Letting a competitor know your strategic intentions and capabilities is a powerful signal. In reality, if you are using price optimization, you’ll pay less attention to competitors’ moves – and focus on your customers. After all, they keep you in business.

In many markets, product pricing varies wildly, and it is rarely the lowest price that matters – so long as the key players are all within percentage points of each other.

Price response-reaction 
If you must respond by changing price, recalibrate offerings so that products often purchased together are bundled together for a discounted price. Find related products that offer higher margins, and bundle them with items that offer lower margins. Plan ahead of time, and then put into practice more complex pricing offers with discounts on volume, price promotions, and loyalty programs that are not easily duplicated by competitors.

Last, adjust pricing on products that have the highest movement to match the competition – but, resist lowering prices below the competition. By price matching, this lets them know that it is pointless to continue, and you are not interested in fighting, you’re simply matching whatever lower price they create. And next time, before falling into the price war trap, consider these simple steps and the pricing force will be with you.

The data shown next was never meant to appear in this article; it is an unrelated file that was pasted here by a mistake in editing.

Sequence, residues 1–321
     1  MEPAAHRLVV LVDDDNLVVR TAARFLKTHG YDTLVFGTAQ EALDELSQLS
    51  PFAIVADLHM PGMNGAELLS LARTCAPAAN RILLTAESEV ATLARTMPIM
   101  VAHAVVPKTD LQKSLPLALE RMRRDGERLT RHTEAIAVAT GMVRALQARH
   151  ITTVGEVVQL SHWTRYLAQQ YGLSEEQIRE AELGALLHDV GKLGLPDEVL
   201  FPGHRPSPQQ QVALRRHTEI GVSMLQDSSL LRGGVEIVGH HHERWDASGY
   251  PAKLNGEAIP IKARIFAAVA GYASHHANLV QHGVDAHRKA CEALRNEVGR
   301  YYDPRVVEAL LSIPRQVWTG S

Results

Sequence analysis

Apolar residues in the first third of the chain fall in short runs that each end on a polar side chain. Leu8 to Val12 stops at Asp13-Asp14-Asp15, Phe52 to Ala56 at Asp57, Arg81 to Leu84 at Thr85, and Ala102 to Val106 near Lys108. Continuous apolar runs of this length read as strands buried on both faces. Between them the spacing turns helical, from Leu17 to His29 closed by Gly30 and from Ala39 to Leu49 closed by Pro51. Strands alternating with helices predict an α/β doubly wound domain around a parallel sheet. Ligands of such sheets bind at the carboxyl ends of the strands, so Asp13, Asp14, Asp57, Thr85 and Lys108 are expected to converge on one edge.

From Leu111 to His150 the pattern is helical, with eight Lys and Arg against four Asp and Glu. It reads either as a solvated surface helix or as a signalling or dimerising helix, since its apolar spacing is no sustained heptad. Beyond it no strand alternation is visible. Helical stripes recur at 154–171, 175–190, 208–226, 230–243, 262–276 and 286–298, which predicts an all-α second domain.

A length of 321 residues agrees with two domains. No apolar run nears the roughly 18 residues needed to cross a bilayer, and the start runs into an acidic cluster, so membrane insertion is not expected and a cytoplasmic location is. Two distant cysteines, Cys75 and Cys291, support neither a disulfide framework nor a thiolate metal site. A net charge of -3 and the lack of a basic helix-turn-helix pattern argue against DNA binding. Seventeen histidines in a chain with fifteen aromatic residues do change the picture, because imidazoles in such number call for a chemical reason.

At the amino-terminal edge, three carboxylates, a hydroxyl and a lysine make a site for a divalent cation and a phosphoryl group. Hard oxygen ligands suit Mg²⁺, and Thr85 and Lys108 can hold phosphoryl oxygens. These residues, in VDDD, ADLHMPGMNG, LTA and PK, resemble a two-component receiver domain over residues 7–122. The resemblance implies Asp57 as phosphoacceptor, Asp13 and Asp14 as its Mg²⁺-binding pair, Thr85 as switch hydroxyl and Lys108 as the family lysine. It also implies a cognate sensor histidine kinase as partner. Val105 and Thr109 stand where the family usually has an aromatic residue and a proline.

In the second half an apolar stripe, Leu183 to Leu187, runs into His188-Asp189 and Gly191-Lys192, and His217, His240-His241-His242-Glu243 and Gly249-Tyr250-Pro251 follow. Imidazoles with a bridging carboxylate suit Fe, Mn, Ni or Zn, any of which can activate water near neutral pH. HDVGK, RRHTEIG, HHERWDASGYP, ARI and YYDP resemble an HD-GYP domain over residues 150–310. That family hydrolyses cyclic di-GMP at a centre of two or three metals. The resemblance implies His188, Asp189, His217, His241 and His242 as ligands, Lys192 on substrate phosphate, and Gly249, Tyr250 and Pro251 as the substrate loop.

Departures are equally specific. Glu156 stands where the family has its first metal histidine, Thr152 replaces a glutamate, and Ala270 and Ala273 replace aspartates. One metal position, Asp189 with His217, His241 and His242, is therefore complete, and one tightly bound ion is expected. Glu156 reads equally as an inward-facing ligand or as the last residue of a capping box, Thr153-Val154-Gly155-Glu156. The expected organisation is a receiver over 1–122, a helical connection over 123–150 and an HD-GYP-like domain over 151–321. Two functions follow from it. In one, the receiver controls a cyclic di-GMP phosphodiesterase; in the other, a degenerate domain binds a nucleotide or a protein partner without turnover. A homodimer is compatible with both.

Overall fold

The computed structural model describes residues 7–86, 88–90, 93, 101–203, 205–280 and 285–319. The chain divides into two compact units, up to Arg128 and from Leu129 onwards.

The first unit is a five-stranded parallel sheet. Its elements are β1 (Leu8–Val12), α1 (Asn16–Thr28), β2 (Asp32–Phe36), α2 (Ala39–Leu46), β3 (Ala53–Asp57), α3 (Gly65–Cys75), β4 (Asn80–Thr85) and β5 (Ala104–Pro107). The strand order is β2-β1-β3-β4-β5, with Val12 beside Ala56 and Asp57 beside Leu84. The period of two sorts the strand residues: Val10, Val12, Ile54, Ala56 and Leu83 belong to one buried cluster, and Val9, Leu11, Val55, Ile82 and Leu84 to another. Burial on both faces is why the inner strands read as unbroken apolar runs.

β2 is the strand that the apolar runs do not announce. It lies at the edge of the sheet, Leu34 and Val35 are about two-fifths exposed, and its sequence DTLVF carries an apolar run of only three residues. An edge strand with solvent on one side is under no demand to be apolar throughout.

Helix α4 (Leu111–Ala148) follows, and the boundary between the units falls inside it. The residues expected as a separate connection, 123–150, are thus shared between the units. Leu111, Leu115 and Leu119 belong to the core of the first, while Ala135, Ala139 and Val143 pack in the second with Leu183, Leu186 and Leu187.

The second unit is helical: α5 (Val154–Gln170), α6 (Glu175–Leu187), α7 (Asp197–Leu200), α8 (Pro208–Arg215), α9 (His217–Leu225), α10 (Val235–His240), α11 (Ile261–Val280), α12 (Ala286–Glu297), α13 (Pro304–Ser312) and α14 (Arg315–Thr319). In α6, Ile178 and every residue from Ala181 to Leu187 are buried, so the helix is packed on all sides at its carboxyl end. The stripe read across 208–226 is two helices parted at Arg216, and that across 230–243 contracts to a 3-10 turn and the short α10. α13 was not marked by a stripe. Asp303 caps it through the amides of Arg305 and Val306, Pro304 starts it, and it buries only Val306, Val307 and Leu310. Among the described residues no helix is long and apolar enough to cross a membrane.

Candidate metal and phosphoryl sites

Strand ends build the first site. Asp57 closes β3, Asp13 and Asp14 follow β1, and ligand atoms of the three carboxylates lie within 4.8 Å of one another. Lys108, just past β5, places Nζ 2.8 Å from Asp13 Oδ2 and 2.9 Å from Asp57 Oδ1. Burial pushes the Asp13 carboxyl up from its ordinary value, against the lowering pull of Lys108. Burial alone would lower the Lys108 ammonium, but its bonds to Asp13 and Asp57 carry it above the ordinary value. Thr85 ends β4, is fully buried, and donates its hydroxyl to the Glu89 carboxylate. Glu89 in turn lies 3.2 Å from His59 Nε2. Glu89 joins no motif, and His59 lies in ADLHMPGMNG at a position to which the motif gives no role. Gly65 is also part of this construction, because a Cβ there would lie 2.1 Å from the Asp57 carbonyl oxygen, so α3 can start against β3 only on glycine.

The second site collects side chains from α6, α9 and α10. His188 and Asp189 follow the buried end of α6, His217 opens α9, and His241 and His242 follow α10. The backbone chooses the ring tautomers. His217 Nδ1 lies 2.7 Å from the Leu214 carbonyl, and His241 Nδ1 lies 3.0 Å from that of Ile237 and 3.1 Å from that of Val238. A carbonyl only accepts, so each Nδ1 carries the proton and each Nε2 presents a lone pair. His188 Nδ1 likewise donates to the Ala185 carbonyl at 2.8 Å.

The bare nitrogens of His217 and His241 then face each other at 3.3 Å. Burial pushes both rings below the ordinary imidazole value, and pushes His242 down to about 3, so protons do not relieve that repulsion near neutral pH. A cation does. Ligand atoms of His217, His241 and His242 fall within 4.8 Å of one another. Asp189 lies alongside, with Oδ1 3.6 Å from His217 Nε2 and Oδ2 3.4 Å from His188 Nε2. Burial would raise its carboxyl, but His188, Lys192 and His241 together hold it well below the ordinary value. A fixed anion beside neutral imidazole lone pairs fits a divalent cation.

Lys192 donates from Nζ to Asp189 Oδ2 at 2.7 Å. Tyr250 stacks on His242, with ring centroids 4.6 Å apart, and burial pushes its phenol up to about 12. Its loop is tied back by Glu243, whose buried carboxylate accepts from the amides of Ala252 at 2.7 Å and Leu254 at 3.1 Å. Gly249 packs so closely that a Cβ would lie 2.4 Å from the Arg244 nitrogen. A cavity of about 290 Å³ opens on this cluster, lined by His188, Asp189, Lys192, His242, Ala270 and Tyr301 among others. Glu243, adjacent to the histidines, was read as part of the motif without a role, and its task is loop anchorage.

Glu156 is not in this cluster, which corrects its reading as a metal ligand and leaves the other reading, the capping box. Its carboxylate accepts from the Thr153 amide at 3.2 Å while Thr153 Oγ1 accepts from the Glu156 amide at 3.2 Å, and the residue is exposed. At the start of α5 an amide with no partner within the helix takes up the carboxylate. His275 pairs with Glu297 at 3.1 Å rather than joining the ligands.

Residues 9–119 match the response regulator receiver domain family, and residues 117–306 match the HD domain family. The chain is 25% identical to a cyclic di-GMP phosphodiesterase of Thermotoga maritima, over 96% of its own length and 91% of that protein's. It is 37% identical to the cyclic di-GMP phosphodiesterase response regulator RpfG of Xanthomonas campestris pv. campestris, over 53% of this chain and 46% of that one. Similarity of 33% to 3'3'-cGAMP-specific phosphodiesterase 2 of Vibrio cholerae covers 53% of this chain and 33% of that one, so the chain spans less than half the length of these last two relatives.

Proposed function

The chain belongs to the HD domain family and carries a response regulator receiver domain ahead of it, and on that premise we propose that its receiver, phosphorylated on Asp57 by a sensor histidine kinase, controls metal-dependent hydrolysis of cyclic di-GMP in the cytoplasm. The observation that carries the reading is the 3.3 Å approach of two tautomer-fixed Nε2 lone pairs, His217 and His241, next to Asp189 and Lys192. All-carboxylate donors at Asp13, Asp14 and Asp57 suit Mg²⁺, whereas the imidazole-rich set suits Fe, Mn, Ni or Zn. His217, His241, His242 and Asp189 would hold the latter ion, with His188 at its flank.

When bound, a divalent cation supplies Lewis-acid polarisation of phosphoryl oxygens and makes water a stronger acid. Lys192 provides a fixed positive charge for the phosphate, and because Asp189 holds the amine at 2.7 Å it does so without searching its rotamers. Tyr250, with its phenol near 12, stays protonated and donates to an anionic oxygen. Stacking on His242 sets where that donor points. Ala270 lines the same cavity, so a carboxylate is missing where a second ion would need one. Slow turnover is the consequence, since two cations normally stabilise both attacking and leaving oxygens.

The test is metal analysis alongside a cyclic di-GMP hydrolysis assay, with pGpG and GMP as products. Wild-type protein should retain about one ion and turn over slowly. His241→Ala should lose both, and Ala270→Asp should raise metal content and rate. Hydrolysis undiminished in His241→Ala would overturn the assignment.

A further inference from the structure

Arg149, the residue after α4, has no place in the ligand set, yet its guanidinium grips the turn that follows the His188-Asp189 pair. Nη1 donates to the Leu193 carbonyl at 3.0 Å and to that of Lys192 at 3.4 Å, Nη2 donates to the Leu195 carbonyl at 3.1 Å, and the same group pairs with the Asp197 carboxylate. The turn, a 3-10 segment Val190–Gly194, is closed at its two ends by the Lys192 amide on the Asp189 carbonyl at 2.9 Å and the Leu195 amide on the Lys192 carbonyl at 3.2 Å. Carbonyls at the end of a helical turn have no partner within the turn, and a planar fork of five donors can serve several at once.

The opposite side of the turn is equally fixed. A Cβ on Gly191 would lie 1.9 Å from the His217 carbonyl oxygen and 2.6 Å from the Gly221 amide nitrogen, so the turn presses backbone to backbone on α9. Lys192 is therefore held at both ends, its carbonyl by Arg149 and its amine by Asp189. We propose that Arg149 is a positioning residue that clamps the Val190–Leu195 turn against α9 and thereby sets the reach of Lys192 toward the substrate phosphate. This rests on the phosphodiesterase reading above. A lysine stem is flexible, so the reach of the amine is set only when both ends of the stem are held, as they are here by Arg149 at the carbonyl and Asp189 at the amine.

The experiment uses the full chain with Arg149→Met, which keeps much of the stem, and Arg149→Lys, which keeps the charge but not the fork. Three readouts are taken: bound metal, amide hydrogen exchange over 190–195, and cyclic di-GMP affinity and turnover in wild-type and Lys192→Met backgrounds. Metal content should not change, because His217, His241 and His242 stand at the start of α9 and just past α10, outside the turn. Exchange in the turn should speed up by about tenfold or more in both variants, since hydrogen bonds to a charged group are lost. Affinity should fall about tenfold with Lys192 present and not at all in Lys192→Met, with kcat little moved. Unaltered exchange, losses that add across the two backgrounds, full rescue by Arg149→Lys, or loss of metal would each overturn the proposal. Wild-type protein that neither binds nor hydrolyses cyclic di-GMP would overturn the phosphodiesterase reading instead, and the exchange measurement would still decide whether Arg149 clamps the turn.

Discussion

You can learn more about pricing strategies in the white papers available on the AdvancedPricingLogic.com website.

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Ina Steiner

Ina Steiner is co-founder and Editor of EcommerceBytes and has been reporting on ecommerce since 1999. Send news tips to ina@ecommercebytes.com.